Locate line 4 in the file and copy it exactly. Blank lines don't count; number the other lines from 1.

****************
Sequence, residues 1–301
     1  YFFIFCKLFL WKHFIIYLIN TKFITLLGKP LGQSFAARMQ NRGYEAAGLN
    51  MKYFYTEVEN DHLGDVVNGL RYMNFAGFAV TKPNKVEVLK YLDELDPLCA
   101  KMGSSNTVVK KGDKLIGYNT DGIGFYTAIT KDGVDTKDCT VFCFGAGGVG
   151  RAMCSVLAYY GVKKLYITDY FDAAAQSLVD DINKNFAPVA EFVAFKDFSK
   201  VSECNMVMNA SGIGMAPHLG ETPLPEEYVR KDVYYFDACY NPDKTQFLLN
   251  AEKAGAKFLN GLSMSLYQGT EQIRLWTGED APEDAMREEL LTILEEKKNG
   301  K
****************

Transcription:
   101  KMGSSNTVVK KGDKLIGYNT DGIGFYTAIT KDGVDTKDCT VFCFGAGGVG